2010 low carbon province and city initiative
    2012 began pilot carbon trading in 5 cities and 2 provinces (Guangdong and Hubei)
    2013 Beijing doing carbon trading
    2012 November an expert group is drafting a climate change law
    Proposed law includes a carbon tax which will pay for renewables
    Air pollution law and climate change law will be administered by different ministries, MEP and national development and resource commission (NDRC)
    2011-2015 China will have invested $161 billion in energy conservation and emission reduction

    Q: why now?
    China is suffering from pollution and climate change, facing energy bottlenecks, seeing serious protest from people
    Q: carbon intensity is not necessarily a measure to reduce emissions?  Chinese public attitude on climate change?
    Yes, growing economy with lower carbon intensity may still result in higher emissions.
    Local govs and enterprises aware of and working towards efficiency and emissions reduction

  •  South Korean Example (2+ / 0-)
    Recommended by:
    John Crapper, RiveroftheWest

    South Korea is an example that too few are looking at.  They have adopted a Green Growth strategy which has been consistent over a number of different leaders and parties and which they are trying to export to other countries, in part with the participation of Denmark.  They believe that they can serve as a bridge between the developed and the developing world and lead people towards a combined economic and environmental regimen which provides for increasing quality of life while preserving and, possibly, expanding ecological benefits.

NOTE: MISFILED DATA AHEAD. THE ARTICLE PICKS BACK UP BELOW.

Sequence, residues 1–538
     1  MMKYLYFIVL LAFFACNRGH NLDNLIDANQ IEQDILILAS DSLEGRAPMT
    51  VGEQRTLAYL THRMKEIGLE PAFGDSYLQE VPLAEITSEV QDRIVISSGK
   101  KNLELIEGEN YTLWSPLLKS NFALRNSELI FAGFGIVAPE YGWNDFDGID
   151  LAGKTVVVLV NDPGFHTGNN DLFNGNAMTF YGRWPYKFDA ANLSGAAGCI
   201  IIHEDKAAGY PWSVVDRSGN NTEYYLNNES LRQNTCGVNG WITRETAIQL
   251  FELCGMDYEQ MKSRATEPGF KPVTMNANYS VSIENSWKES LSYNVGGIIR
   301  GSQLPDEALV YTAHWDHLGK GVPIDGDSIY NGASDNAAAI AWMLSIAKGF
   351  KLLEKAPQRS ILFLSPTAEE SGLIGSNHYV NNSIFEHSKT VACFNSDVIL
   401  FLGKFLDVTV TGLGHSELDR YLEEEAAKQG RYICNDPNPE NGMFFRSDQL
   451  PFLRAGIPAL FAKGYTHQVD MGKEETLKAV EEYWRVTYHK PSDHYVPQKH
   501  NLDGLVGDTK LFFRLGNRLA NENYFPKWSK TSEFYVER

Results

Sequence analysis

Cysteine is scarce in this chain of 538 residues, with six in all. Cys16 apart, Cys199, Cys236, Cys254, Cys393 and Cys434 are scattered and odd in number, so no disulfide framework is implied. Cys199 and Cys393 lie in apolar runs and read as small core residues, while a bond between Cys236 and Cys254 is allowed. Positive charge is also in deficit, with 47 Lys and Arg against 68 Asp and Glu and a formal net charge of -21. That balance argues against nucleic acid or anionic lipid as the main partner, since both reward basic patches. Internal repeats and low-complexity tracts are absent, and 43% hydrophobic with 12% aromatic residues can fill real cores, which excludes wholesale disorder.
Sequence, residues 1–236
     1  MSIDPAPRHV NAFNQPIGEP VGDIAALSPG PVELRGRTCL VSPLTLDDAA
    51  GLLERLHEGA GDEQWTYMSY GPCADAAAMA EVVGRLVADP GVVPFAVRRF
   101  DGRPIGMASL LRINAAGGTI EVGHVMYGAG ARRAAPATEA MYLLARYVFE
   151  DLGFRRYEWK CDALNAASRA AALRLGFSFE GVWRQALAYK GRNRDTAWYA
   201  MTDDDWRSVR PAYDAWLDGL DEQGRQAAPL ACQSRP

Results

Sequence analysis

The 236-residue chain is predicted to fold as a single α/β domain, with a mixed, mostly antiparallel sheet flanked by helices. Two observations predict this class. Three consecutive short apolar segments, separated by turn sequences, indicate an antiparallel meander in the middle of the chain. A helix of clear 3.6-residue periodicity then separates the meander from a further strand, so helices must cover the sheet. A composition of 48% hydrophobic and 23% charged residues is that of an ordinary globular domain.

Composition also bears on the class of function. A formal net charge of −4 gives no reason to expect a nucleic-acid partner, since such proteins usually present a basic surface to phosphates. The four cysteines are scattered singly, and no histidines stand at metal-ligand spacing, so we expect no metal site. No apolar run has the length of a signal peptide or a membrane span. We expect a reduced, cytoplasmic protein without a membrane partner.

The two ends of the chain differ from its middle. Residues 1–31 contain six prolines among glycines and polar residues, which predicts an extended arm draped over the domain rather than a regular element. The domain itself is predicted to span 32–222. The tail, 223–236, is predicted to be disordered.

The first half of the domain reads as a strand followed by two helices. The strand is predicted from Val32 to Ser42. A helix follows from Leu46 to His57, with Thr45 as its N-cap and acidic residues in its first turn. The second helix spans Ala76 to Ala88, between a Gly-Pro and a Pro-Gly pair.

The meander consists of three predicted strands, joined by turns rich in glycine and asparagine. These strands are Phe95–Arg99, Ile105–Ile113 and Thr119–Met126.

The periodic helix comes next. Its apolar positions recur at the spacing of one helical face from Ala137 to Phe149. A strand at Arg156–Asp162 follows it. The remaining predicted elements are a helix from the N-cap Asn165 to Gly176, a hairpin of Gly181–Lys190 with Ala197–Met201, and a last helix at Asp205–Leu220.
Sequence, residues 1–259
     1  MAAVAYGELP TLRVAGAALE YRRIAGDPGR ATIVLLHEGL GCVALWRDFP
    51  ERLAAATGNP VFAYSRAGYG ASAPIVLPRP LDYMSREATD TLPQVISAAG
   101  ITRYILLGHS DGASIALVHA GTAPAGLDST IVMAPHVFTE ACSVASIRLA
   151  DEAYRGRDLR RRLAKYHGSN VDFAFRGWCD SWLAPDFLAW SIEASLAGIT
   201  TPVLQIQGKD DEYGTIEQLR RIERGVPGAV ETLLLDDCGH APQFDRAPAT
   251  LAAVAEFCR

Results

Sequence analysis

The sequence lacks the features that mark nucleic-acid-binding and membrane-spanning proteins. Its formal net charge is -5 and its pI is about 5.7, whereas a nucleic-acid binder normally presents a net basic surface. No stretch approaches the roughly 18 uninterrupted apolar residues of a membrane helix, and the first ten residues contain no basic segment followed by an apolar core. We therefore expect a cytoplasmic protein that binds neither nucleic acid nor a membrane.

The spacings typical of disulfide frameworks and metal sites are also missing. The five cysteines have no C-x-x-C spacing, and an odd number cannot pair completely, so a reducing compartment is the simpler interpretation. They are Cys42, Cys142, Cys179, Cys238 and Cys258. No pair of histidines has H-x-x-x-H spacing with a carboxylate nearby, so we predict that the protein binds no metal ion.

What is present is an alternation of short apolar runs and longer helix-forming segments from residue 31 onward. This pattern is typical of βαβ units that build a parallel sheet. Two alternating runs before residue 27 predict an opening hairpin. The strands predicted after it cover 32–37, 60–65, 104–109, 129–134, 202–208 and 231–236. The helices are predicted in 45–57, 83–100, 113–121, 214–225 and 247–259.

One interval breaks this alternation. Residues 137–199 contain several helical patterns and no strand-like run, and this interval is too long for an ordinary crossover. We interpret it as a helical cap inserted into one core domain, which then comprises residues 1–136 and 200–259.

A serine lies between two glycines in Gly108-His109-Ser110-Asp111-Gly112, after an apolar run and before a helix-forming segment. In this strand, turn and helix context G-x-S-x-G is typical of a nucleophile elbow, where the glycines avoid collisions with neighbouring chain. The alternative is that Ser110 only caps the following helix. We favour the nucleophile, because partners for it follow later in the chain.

Check out the Global Green Growth Institute at
    Again, good ideas but we have to see continual changes on the ground.

    •  Thanks for all the great info. I'll spend some (2+ / 0-)
      Recommended by:
      gmoke, RiveroftheWest

      time on S. Korea to see what there up to.  I was stationed with them in Vietnam and they have a way of getting things done.  They don't have the same kind of reputation for saying or putting something on paper because it sounds good and continuing the old patterns as I've come to realize about a lot of other Asian countries.  At least that is my impression from the little exposure I've had to S. Korea.  

      It is hard to fathom how people can live in the kind of pollution I witnessed in many large Asian cities and not have been in the streets a long time ago.  But then again, we have people my age that lived during and fully supported the cultural revolution in China that did such foolish stuff as killing all the birds because they were eating the grain only to discover that the insects would multiply and cause even greater problems.  

      If we really want to straighten out all this crap we really need to think about shit - Holy Shit.

      by John Crapper on Fri Jun 07, 2013 at 01:36:18 PM PDT

      [ Parent ]